An Examined Life with Jeff Allen 40: Not-So-Functional Alcoholism with Tori Taff

An Examined Life with Jeff Allen 40: Not-So-Functional Alcoholism with Tori Taff June 22, 2015


Lawyers always say, “Don’t ever ask a question you don’t already know the answer to.” But I’m no lawyer. So, I should have consulted one when I recently asked my wife why she doesn’t listen to my podcast.

Her answer? I’ve never had any women on.

So, in the interest of growing my audience by at least one very important person – my bride – I have a dear friend as my special guest this week. Tori Taff and I have been friends for years, which I don’t understand how she finds the time for me in the midst of all her writing, singing, songwriting, blogging, and just being an amazing person!Moon_Pie_Festival

And, according to Tori, being on the show is almost as much of an honor as when she was voted Moonpie Queen in Bell Buckle, TN.

Tori and her husband, singer and entertainer Russ Taff are self-confessed late-blooming Baby Boomers and parents of a recent college grad. Their daughter graduated from University of Tennessee at Chattanooga with a degree in writing and rhetoric, with a minor in Spanish. Now, even as Tori makes fun of her daughter for pursuing degrees “guaranteed” to land her a place in the unemployment line, she just landed her first step on a career path as a Docent at the Belle Mead Plantation and Museum. Meanwhile, their youngest daughter just graduated from high school, with aspirations of designing video games. Now, this may seem like a lofty pipe dream, but it’s actually something she has been pursuing since she was nine-years-old.

Yet despite all this educating, career finding, and graduating, Tori and Russ still don’t have an empty nest – nor do they expect to have one for quite some time.

You can read all about Tori and Russ’ adventures on her blog,  (Why she left off the “e” in bloomer, she can’t say) Tori Taff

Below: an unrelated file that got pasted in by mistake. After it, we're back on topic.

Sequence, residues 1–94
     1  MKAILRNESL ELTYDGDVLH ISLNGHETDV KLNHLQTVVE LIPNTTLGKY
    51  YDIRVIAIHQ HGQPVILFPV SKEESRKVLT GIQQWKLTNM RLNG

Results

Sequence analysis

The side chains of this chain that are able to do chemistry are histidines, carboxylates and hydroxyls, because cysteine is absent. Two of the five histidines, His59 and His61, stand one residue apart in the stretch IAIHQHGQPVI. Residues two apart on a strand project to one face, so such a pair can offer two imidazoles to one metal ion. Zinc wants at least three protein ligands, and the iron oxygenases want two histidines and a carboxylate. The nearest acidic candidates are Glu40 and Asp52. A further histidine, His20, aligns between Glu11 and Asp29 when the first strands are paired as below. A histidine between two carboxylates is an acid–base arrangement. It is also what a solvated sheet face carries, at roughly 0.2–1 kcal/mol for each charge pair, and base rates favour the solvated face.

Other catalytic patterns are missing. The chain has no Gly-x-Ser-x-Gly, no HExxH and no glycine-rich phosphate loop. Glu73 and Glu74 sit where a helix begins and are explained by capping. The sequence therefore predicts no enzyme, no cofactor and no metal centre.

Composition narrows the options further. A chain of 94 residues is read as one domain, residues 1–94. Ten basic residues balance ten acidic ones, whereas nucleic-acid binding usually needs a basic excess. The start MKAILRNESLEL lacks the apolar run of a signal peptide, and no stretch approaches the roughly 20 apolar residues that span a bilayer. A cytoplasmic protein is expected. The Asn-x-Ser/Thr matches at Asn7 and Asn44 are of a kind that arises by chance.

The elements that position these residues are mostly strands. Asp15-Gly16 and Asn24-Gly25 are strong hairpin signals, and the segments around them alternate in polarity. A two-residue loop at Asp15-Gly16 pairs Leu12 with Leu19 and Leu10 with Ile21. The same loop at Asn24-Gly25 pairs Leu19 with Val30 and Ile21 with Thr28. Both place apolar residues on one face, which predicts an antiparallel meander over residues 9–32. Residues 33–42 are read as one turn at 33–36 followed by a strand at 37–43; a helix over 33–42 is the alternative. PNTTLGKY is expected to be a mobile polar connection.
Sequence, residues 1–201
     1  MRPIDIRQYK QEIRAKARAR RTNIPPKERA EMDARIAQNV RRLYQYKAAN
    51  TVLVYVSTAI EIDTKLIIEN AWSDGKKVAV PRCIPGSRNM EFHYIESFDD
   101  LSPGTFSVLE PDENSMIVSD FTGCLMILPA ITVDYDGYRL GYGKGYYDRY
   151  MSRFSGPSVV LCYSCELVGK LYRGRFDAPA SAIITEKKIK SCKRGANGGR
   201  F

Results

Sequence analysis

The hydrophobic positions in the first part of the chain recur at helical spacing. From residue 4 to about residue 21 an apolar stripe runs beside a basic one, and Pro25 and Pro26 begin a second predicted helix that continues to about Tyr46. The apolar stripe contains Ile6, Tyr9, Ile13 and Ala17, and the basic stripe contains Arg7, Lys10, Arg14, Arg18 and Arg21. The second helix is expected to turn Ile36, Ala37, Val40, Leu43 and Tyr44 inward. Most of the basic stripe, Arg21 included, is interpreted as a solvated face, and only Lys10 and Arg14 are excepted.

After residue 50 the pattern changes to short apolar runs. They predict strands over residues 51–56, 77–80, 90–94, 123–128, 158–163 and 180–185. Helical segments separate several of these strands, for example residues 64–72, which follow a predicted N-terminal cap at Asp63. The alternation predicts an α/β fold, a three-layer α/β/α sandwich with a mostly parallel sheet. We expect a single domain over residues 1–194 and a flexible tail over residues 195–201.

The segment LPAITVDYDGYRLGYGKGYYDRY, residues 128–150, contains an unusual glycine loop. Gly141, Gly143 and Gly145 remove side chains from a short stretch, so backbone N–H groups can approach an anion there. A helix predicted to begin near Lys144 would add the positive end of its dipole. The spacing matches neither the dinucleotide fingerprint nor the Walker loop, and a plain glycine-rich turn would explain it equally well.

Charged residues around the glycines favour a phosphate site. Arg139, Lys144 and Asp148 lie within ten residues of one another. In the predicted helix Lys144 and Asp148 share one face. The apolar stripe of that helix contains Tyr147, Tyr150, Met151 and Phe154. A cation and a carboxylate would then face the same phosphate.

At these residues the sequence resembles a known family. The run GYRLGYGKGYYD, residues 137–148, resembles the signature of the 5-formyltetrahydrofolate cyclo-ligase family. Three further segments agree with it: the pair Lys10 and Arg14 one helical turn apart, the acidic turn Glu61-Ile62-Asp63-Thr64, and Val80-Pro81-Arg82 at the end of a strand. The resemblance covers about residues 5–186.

Now, when Tami and I became empty nesters, I remember a morning when I saw here weeping downstairs. So, being the sensitive husband that I am, I went online and found blogs similar to Tori’s, but written by fellow parents whose kids had recently “abandoned them”, and was able to encourage my wife through experiencing other people’s pain.

God bless bloggers!

Now, even as Tori explains, we know that our kids moving out is the right way to have things happen – we don’t want them still living at home at 45-years-old – there is still something painful that happens when they leave. It’s a strange dichotomy – they do exactly as they are supposed to – exactly as you raised them to do – yet, emotionally, you beg them not to go.

Now, one drawback to waiting fifteen years to have kids, as Tori and Russ did (or a perk to having kids right away as Tami and I did) are: GRANDKIDS!

As I’ve said so many times before, grandchildren are your reward for not stabbing your kids when they were sixteen. Let the little ingrates live, and you get a nice little package several years later!

I’ve been a parent for 31 years, and a grandparent for two. Over the last couple years, I haven’t worried once about our little grand daughter, but I still worry about my son – how is his job, how is his marriage, how is his life? Because I know that if things go south, he’s going to be back under my roof! And we don’t want that.

And apparently, it never ends. Tori asked her 96-year-old mother, just before she passed away, when the worrying ends, and she quickly replied, “Never”… and she had lived long enough to see her two oldest children retire!

Now, as for Tori and Russ, they recently experienced a major life change. They have always lived in roughly the same area around Nashville, Tennessee. But recently, they moved to the tiny, artsy town of Bell Buckle. According to Russ, they were one good move away from assisted living anyway, so why not make the transition?

Moving away from the big city, and even its suburbs, to a town of only 405 residents has made Tori embarrassingly happy! It’s not so much a small town, as much as it is a large neighborhood. Now, typically a “non-joiner”, Tori is on the Arts Council, the Historic Commission, and a former Moon Pie Queen!Russ-and-Tori-Taff